Federal Reserve (search) Chairman Alan Greenspan (search) on Tuesday said the U.S. economy has entered a sustainable expansion that should weather a June slowdown and is under no serious threat from inflation.

The Fed chief told the Senate Banking Committee (search) faster growth was creating price pressures but some of them, like energy costs, were temporary, so interest rates likely can rise to an unspecified "neutral" level at a "measured" pace.

"Those higher prices, by eroding households' disposable income, have accounted for at least some of the observed softness in consumer spending of late, a softness which should prove short-lived," Greenspan said in his semiannual testimony on monetary policy.

In answering lawmaker questions, the Fed chief said the economy had shown improvement already in July, particularly in auto sales.

"There is no real underlying evidence of any cumulative weakness here. It is nonetheless the case that the little bulge in inflationary pressures seems to have created a soft patch here and it is something obviously we are watching very closely," he said.

While saying rising prices did not pose a major risk right now, Greenspan warned that policy-makers couldn't be sure inflation would stay benign indefinitely given still-low interest rates.

Greenspan told lawmakers the Fed has deliberately avoided spelling out what it means by "measured" rate rises, though financial market participants take the word as a prescription for modest quarter percentage point moves.

He said the Fed's benchmark fed funds rate needs to rise to a level that is considered neutral — enough to curb inflation without depressing growth — but conceded he did not know what that level was.

"Actually, we don't know what neutrality is until we get there," he said when pressed to define the term. "You can tell whether you're below or above, but until you're there, you're not quite sure you are there."

Greenspan's overall message on the economy with just a few months left before the presidential elections was upbeat.

"Not only has economic activity quickened, but the expansion has become more broad-based and has produced notable gains in employment," he said.

Analysts read it that way and stock prices rose as the Fed chief — whose testimony attracts intense focus around the globe — began speaking. Bond prices fell, though, as investors interpreted his optimistic remarks as a likely indicator of further interest-rate hikes.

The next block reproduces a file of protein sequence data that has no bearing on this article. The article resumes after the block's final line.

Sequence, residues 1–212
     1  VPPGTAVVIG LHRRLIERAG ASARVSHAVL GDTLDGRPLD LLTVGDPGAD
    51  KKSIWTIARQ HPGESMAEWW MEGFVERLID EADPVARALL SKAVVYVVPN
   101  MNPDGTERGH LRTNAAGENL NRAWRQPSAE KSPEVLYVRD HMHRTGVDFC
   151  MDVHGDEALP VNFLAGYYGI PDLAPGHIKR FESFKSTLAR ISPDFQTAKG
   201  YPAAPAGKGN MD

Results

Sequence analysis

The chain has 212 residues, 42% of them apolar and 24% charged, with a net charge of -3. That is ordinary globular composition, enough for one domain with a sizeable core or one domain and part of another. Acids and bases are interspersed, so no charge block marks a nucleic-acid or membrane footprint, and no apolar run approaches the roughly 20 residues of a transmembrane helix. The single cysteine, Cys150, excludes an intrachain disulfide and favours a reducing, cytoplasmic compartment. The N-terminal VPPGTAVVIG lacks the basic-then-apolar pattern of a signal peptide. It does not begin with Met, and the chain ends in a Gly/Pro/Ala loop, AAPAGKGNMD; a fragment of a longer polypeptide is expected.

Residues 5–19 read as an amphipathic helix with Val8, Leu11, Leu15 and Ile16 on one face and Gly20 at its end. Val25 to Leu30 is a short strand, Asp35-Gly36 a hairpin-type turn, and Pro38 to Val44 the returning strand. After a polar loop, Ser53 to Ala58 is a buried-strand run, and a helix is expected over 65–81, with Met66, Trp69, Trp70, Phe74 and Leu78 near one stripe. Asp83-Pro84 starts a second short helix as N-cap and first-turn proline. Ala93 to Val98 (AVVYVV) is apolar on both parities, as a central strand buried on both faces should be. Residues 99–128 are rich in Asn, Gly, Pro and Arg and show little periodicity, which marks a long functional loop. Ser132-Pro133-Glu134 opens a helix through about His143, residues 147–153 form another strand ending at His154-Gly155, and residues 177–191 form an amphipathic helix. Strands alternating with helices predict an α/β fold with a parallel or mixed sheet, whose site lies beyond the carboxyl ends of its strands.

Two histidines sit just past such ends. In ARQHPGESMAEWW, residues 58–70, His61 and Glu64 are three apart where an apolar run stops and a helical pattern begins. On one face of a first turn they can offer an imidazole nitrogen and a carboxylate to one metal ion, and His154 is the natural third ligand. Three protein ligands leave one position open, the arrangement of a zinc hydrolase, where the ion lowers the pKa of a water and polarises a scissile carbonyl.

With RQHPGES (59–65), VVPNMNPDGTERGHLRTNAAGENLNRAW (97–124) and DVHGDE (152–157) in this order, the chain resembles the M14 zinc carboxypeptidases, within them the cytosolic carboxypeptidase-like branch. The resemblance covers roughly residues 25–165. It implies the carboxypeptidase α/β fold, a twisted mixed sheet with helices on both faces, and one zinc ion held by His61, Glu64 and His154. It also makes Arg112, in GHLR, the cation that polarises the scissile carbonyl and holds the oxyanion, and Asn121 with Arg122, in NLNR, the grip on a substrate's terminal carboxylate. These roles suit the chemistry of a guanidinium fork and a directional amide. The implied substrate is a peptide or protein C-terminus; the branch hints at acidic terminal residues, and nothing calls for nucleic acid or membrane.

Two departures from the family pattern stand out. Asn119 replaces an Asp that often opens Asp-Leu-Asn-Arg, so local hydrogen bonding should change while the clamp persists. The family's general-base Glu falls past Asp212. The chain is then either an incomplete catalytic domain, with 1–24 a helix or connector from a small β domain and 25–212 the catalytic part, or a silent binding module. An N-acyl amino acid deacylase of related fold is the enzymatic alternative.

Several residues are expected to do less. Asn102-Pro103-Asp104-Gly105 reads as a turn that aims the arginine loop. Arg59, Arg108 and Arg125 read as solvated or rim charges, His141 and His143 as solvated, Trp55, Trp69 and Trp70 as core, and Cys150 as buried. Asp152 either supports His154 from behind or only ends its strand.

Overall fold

Markets See Rate Rises

"It looks like Mr. Greenspan is saying the slowdown in the economy will be short-lived and that suggests that the Fed will probably continue to raise rates," said Gary Thayer, chief economist at A.G. Edwards & Sons in St. Louis.

Greenspan also presented the Fed's latest forecasts for growth, employment and inflation this year and next.

The Fed expects real economic growth at 4.5 percent to 4.75 percent versus a forecast in February for growth of 4.5 percent to 5.0 percent.

The central bank said so-called core inflation, which excludes energy and food costs, as measured by the Commerce Department's (search) personal consumption expenditures index, should rise by a relatively mild 1.75 percent to 2.0 percent.

However, Greenspan said faster job creation was bolstering incomes and consumer spending — notwithstanding a June lull when retail sales weakened — and this in turn added some inflation pressure.

"The evident strengthening in demand that underlies this improved performance doubtless has been a factor contributing to the rise in inflation this year," he said. "But inflation also seems to have been boosted by transitory factors such as the surge in energy prices."

Recent price increases appeared in many cases to be caused by businesses attempting to raise profit margins rather than increased production costs, Greenspan added.

Wages No Threat 

"For the moment, the modest upward path of unit labor costs does not appear to threaten longer-term price stability, especially if current exceptionally high profit margins begin to come under more intense competitive pressures at home and from abroad," Greenspan said.

"But we cannot be certain that this benign environment will persist and that there are not more deep-seated forces emerging as a consequence of prolonged monetary accommodation," he added.

The Fed cut short-term interest rates (search) to a 1958 low of 1 percent by mid-2003 after a 13-step process that began in 2001. At its last policy session on June 29-30, it began reversing course by lifting its official federal funds rate a quarter percentage point.

More rate rises are expected later this year, though analysts are divided about how fast they will climb. Greenspan said policy-makers will keep a close eye on costs and prices as it weighs whether a faster-operating economy generates more cost pressures.